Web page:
W3C home > Mailing lists > Public > public-appformats@w3.org > March 2008

Re: IE Team's Proposal for Cross Site Requests

From: Julian Reschke <julian.reschke@gmx.de>
Date: Sun, 16 Mar 2008 20:41:10 +0100
Message-ID: <47DD77D6.4000809@gmx.de>
To: Laurens Holst <lholst@students.cs.uu.nl>
CC: Eric Lawrence <ericlaw@exchange.microsoft.com>, "Web API WG (public)" <public-webapi@w3.org>, "public-appformats@w3.org" <public-appformats@w3.org>, Sunava Dutta <sunavad@windows.microsoft.com>, Chris Wilson <Chris.Wilson@microsoft.com>, Zhenbin Xu <zhenbinx@windows.microsoft.com>, Gideon Cohn <gidco@windows.microsoft.com>, Sharath Udupa <Sharath.Udupa@microsoft.com>, Doug Stamper <dstamper@exchange.microsoft.com>, Marc Silbey <marcsil@windows.microsoft.com>

Laurens Holst wrote:
> I don’t really see how POST is less harmful than DELETE. POST (if used 
> in a REST-y way) can be used to wreak serious havoc (e.g. spam messages, 
> overload server data capacity, post viruses, adding new super user 
> accounts for the hacker, change settings such as passwords, influence 
> poll results).
> Additionally, there are a great number of sites that are using the HTTP 
> POST method for operations that would be more suitable for PUT and 
> DELETE. The reason that this happens is probably HTML’s fault, because 
> it only supports GET and POST, crippling the functionality that HTTP 
> provides. Non-REST webservices protocols such as XML-RPC and SOAP also 
> exclusively use POST.
> If XDR only supports GET and POST, it encourages sites to use POST to 
> implement delete functionality and abuse the HTTP protocol because that 
> is the only way they can get the functionality they desire to work. 
> Basically, you’re boycotting REST in favour of SOAP.
> So, I do not see much benefit in the decision to disallow DELETE but 
> allowing POST.

As a matter of fact, it would be harmful.

> I don’t think you’re really keeping users very safe that way. To quote 
> an example, PHP is by default configured to send session credentials 
> entirely through sessionID link parameters when cookies are not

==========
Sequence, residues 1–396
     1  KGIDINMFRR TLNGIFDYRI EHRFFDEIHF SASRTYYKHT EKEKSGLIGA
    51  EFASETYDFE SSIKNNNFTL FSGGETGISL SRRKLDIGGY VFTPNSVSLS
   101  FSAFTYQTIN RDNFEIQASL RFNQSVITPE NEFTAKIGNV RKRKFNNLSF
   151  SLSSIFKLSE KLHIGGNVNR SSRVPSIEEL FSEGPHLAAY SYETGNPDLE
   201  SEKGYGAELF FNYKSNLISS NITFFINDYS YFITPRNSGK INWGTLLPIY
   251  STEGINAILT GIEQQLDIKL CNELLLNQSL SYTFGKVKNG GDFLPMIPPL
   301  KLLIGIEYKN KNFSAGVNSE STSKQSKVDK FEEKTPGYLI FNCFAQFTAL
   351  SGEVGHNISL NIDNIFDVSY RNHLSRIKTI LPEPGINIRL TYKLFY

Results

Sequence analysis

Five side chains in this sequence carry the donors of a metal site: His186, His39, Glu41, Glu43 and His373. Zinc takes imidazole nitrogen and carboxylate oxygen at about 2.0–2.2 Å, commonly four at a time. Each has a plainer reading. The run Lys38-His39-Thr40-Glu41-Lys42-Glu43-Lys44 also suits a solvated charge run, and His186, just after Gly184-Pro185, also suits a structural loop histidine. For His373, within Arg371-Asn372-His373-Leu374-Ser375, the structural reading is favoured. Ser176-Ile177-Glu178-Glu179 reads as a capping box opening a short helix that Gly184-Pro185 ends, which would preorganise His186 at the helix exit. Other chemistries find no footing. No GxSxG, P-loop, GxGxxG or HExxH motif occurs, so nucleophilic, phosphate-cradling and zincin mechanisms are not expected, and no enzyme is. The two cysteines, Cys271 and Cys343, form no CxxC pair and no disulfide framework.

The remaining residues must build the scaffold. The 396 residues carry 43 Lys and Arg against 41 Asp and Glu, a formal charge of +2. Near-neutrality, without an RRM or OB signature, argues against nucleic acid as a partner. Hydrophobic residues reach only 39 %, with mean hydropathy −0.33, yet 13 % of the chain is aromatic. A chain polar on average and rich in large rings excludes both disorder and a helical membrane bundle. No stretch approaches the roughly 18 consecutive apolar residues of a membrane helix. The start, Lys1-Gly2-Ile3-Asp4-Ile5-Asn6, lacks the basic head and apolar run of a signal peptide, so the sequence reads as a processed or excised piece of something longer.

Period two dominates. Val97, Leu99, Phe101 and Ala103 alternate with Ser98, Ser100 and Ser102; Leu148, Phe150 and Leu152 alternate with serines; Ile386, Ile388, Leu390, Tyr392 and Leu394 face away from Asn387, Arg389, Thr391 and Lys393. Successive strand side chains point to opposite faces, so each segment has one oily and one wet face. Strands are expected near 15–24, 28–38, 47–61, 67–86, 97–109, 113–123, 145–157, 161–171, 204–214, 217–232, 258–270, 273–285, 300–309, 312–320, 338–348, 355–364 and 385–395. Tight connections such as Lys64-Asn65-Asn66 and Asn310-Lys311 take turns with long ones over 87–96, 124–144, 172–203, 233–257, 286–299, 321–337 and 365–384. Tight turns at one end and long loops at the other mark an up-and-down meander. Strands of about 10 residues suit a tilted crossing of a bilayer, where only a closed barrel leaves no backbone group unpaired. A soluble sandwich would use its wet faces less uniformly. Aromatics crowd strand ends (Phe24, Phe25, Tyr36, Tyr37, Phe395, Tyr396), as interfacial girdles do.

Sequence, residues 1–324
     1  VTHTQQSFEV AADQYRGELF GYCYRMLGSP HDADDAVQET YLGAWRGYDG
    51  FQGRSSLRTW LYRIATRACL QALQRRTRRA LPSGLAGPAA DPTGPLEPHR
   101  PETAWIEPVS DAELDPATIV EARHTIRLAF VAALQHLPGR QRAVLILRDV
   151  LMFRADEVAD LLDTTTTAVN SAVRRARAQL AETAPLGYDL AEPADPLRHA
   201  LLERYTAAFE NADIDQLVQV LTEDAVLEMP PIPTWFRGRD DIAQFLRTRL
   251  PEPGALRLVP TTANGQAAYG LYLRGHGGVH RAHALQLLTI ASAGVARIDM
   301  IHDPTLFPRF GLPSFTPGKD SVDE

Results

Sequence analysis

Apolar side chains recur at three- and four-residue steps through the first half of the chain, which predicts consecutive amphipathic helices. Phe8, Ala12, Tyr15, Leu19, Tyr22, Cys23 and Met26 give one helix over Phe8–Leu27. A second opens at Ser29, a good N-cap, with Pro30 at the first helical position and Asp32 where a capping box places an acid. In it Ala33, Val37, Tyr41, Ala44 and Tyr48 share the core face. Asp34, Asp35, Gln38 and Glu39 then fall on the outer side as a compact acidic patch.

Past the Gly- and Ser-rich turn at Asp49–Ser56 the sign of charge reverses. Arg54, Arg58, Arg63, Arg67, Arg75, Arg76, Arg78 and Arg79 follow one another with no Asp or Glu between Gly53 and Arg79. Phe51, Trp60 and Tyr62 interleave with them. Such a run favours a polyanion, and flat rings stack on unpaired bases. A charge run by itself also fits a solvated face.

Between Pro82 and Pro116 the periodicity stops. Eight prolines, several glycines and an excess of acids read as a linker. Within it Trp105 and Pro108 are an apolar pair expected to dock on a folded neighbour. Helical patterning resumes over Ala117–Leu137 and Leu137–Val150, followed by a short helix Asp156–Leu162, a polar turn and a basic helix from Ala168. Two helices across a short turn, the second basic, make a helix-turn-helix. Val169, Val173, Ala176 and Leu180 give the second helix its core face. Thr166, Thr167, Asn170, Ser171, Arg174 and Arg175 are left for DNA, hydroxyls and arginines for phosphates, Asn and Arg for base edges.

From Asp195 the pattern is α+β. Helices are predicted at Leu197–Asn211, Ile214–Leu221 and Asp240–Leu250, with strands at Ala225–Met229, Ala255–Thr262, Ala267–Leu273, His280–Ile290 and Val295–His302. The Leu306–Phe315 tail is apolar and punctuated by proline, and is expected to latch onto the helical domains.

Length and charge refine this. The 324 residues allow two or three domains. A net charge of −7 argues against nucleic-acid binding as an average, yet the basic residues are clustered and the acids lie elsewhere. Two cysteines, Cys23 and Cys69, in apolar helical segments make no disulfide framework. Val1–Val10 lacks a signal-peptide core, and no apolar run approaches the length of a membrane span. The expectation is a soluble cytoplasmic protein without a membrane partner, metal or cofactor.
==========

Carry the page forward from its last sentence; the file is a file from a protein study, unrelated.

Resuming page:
> available, and thus don’t need cookies or authentication headers. And on 
> many sites (e.g. phpBB-based forums), communication with the server 
> (including deletion) happens exclusively through GET and POST requests. 
> XDR’s restrictions on methods and credentials will not do these sites 
> any good. Rather, they encourage even more sites to work around the 
> restrictions.
> Additionally, if you really want to keep sites safe in this manner, you 
> should disallow cross-site POST requests for both XDR and HTML forms. 
> Otherwise, there is already a breach in the safety, POST is equally 
> suitable for ‘public’ data as DELETE and PUT are. You should allow those 
> methods, so that developers can at least provide a proper REST API and 
> are not forced to overload POST like XML-RPC and SOAP and friends do.


> Then create a whitelist, with at least the Accept-* headers on it. They 
> are clearly defined, and it is doubtful that they are used in a 
> different manner than described. The use cases are clear and plenty.


> I don’t think it is up to Microsoft to decide that content negotiation 
> is useless and that part of HTTP should not be supported even though it 
> poses no security risk. Part of the reason that content type negotiation 
> is reasonably uncommon in the wild is partially because of mediocre 
> support by user agents. By the way, content language and content 
> encoding negotiation is pretty common, actually.
> Content type negotiation is very useful and I think a very nice feature 
> of HTTP, offering different ‘views’ (e.g. RSS or RDF, SVG or PNG) of the 
> same content. With XHR it was finally possible to use content type 
> negotiation in a good way in browsers, please don’t break it again in XDR.


Not that it really matters -- even if Conneg wasn't useful, it's always 
bad if specs start profiling the base protocol without very good reasons.

> ...

BR, Julian
Received on Sunday, 16 March 2008 19:42:08 UTC

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